You may have heard by now that Samsung is the latest target of labor rights groups who have shifted their focus on multinational activity in China into overdrive. The proximate cause of this increased activity is, of course, the success of these groups with Apple and its supplier Foxconn. As I’ve written about several times, investigations of several Foxconn factories uncovered numerous labor violations, forcing Apple into a defensive posture, which culminated in its welcoming in the Fair Labor Association to perform audits and keep a “scorecard” as Foxconn set about reforming its internal systems. I wrote about the FLA’s mid-term report card recently.
Act II, apparently, is Samsung. Slightly ironic that Samsung and Apple are currently locked in an international death-by-patent fight. I suppose that when court is in recess, their respective legal teams can go outside, smoke a ciggie, and commiserate about labor activists and China.
As the second target, Samsung should expect a drop-off in the attention of the public and the outrage of folks who follow labor rights issues closely. There is also a major political event that will take place several weeks from now in China that should suck some of the air out of just about any China-related news story.
However, while Apple may have taken the biggest hits from the public due to its being the first target, Samsung shouldn’t breath a sigh of relief just yet. Taking these allegations as true (for the moment), there are three reasons why this might end up being worse for Samsung than it was for Apple:
1. Broader Scope of Violations
At Foxconn, there was a long list of violations, but when you cut through the repeats and such, it was mostly about overtime and worker safety. With Samsung, well, here’s a list:
- Overtime (forced and otherwise)
- Underage labor
- Worker safety
- Work flow issues (e.g. standing)
- Age and gender discrimination
- General oral and physical abuse of workers by supervisors
- Abuse of interns
- No written contracts
- Problems with internal systems (e.g. grievances)
All of those are fairly common in Chinese factories (unfortunately) and many were at issue with the Foxconn investigations, but it seems to me that we’re looking at several additional items here that, when taken as a whole, point to a larger overall problem.
2. Severity of Violations
To make matters worse, some of these types of violations seem worse this time around. For example, although underage labor was at issue with Foxconn, the argument that they were systematically, and purposely, hiring and employing underage kids never really materialized. The allegations against Samsung include the charge that they deliberately hire young, female workers, sometimes recruiting between the ages of 16 and 23.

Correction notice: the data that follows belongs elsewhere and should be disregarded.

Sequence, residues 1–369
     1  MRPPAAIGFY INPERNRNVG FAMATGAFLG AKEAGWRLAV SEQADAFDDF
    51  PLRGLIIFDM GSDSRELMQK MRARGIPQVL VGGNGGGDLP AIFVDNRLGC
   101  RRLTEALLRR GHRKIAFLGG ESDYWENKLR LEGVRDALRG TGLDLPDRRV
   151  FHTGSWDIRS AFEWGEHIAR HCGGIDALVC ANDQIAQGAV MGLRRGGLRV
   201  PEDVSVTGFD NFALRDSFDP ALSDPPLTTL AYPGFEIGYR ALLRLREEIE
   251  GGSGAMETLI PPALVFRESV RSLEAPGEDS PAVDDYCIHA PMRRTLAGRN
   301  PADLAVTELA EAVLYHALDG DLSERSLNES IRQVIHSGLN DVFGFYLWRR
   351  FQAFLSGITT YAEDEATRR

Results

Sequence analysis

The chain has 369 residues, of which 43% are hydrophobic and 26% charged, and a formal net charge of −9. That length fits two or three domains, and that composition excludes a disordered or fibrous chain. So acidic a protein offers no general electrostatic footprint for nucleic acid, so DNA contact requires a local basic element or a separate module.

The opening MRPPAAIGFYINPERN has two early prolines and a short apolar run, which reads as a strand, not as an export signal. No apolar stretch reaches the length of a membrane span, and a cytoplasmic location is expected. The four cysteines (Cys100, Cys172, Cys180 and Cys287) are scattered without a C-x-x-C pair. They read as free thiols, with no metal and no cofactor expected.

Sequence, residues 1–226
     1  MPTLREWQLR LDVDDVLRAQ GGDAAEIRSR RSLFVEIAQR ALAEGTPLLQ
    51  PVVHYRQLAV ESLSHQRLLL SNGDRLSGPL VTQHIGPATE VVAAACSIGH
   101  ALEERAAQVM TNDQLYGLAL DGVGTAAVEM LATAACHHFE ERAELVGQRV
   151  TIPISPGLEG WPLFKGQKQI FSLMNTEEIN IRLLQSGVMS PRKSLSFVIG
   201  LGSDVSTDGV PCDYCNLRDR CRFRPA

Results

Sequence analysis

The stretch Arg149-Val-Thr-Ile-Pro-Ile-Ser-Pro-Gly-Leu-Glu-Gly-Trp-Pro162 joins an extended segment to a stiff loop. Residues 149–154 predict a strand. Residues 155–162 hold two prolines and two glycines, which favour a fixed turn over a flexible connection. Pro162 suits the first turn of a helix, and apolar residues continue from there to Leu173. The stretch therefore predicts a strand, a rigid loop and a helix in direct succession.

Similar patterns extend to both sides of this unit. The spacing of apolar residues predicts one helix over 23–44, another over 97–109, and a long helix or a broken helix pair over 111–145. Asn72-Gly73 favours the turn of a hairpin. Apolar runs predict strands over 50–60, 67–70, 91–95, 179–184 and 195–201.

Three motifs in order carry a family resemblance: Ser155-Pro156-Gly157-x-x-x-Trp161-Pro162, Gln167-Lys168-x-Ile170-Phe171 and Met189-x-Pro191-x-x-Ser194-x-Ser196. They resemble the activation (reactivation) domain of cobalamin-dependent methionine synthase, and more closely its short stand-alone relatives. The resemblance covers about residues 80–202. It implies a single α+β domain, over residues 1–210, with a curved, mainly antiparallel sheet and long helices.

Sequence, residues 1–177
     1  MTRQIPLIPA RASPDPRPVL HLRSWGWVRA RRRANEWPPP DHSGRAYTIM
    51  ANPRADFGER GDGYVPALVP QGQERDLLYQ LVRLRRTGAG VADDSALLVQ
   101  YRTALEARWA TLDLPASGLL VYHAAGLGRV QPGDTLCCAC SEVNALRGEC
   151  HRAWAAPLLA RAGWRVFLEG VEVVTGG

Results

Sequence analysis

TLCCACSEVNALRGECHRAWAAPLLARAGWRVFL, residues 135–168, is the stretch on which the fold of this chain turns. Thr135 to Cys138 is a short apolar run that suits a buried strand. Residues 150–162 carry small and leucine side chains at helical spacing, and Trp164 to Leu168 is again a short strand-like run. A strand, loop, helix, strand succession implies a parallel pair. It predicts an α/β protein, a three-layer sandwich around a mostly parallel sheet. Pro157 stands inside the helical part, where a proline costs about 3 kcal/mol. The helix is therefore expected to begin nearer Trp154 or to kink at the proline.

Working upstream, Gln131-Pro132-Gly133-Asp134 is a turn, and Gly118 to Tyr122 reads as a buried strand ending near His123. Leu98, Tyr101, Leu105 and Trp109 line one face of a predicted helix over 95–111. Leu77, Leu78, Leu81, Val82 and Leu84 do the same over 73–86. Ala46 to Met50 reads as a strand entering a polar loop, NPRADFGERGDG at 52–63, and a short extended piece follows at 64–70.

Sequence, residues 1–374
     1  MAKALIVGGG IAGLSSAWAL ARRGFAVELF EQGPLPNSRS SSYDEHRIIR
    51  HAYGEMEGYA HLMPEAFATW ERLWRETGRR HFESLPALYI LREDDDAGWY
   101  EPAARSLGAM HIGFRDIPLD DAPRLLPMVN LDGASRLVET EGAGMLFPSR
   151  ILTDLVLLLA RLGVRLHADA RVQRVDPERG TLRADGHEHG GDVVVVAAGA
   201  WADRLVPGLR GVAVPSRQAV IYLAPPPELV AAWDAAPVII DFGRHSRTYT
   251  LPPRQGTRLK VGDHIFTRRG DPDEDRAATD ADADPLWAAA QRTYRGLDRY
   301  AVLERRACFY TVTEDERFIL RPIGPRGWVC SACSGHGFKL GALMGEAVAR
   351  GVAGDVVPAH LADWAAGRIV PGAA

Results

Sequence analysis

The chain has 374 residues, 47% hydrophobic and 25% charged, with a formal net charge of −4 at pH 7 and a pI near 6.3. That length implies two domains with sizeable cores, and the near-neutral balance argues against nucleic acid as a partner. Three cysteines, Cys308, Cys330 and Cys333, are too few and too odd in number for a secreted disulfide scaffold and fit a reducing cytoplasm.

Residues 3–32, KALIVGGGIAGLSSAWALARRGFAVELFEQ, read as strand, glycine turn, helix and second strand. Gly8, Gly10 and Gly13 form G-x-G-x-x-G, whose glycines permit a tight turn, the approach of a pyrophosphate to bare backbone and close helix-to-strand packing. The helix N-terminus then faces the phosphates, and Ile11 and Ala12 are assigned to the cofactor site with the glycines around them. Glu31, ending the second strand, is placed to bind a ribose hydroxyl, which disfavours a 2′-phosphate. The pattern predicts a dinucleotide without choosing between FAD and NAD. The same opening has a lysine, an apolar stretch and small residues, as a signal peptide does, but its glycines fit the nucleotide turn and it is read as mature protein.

Samsung has said that it has a zero tolerance policy on child labor and that an internal investigation uncovered no such violations. China Labor Watch says it found seven underage workers at one factory alone, a Samsung supplier in Huizhou. It’s not clear whether Samsung’s investigation covered suppliers or just its own facilities.
Speaking of which . . .
3. Samsung Directly Owns or Controls Many of These Factories
This is far and away the biggest problem. Throughout the whole Apple-Foxconn affair, the question was always whether Apple was aware of these violations and if it in fact required its suppliers to meet Apple’s supplier code of conduct. Apple’s direct actions were never in question, or at issue.
This is not the case with these allegations against Samsung. Of the eight factories that China Labor Watch focused on in its latest investigation, six of them are owned or controlled by Samsung.
Let’s have a look at the shareholding structure of those six factories:
Shenzhen Samsung Kejian Mobile Telecommunication Technology Co., Ltd, with about 500 workers, is 60% owned by Samsung and primarily produces Samsung’s CDMA cell phones;
Huizhou Samsung Electronics Co., Ltd, with about 10,000 workers, is 99% owned by Samsung and primarily produces MP3/MP4 players, MINI combinedspeakers and receivers, and DVD home theaters;
Tianjin Samsung Electronics Co., Ltd, with about 2,000 workers, is 91% owned by Samsung and primarily produces DVD players and parts for TVs;
Tianjin Samsung Mobile Display Co., Ltd, with about 3,500 workers, is 95% owned by Samsung and primarily produces mobile displays;
Samsung Electronics (Shandong) Digital Printing Co., Ltd, with about 2,000 workers, is 100% owned by Samsung and primarily produces digital printers; and
Suzhou Samsung Electronics Company Co., Ltd, with about 4,000 workers, is 88% owned by Samsung and primarily produces refrigerators, washers, air conditioners, compressors, small home appliances, and related parts.
So we’ve got five Joint Ventures and one wholly foreign-owned enterprise (WFOE). Of the JVs, Samsung’s equity holdings vary (60, 88, 91, 95, and 99%). Based on my experience, what we’re looking at here is probably only one JV where operational control is even an issue with respect to their local partner (the one in Shenzhen).
What that means is that there’s nowhere to hide. Workers have no labor contracts? It’s the fault of the JV’s HR Manager who in reality is a Samsung employee. Workers are forced to stand for no good reason? Someone at Samsung is responsible for making that decision. And so on.
Let’s keep in mind that we are still at the allegations stage of all this, and when all the facts come out, things might look a bit different. However, we’ve seen this movie before, and we know how it’s going to end. If Samsung is smart, they will diffuse this entire situation by adopting Apple’s strategy: find a labor rights group it can work with and get to work fixing these problems.